Right before my second fellowship at Pacific Forum ended, I went to see a friend, an American Fulbrighter alum, to say goodbye. At the time I was thinking about being jobless soon, and I was quite scared. He shared his experience after earning his PhD and encouraged me to aim high and stay positive, even in challenging circumstances. I was reminded of the power of the Fulbright network and was encouraged to persevere not just to find the right job for me, but also to help others through our international network.

It has been almost seven years since the end of my Fulbright fellowship at SAIS. I am still involved in global cybersecurity policy, and write and speak about it all the time. While my career path has turned out to be different than the traditional Japanese path of staying in one organization, it also enabled me to be adventurous, travel all over the world, meet people, and make so many international friends.

A few years ago, I bumped into a woman who helped me with my Fulbright visa process at the U.S. Embassy in Tokyo in 2009. She was doing her PhD then and her research focus now includes cybersecurity. This is the beauty of Fulbright: getting to know a diverse group of passionate people and learning from each other.

To those who are interested in the Fulbright Program but are hesitant for any reason, I cannot emphasize this enough: Go for it! Don’t be afraid to be different. Your journey will be full of adventures, Fulbright passion, and friends.

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Faces of Southern Tech Women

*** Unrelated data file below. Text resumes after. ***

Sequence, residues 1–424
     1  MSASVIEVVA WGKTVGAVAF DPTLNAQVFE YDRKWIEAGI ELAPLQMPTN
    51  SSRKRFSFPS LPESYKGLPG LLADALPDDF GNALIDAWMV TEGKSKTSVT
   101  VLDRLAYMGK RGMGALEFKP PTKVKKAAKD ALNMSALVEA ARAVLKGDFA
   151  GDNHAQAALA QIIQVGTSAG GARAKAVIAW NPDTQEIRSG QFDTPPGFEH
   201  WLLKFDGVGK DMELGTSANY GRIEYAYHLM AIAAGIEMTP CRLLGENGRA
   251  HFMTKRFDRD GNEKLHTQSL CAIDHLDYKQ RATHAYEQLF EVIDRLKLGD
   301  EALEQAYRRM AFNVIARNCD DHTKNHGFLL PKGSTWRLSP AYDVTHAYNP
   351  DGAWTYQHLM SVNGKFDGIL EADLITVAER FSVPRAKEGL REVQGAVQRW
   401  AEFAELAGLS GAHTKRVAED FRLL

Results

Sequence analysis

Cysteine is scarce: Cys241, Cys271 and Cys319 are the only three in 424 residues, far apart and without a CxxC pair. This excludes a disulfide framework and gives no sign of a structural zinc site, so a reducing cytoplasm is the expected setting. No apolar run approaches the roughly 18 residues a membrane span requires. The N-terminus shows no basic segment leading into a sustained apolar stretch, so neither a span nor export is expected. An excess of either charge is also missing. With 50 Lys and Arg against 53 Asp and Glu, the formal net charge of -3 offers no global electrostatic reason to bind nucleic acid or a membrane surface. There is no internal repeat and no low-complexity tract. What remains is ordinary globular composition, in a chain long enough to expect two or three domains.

Fulbright-MTP Participant from Cambodia, Pichleap Sok, profiles Southern American Tech Women

Fulbright-MTP Participant from Cambodia, Pichleap Sok (left), interviews Sia Karamalegos, an instructor at Tech Talent South in New Orleans.

Fulbright-MTP Participant from Cambodia, Pichleap Sok (left), interviews Sia Karamalegos, an instructor at Tech Talent South in New Orleans.

“It’s been a great ride so far, but rest assured, the best is yet to come,” said Patrick Dowd, founder and CEO of the Millennial Train Project (MTP). I couldn’t agree more. Even though the train journey came to an end, our individual journey had just begun.

It feels so good to be home again. It feels so good to take a long shower in a non-moving bathroom. It feels so good to be back in my own bed. But, why do I feel so nostalgic for strangers I spent just 10 days with, places I spent less than 24 hours in — and the uncomfortable top bunk, where I continuously hit my head on the ceiling?

It all began with an email offering me a spot on the Fulbright-Millennial Trains Project 2015 journey. One of my 2015 New Year’s Resolutions happened to be traveling to at least 10 cities across America, but being so busy with school barely afforded the time for it. Knowing that I got to travel to six cities across the United States on a train made me jump for joy.

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Meeting Makaila

Fulbright-MTP participant from Afghanistan Mohammad Behroozian on a pivotal moment of the MTP journey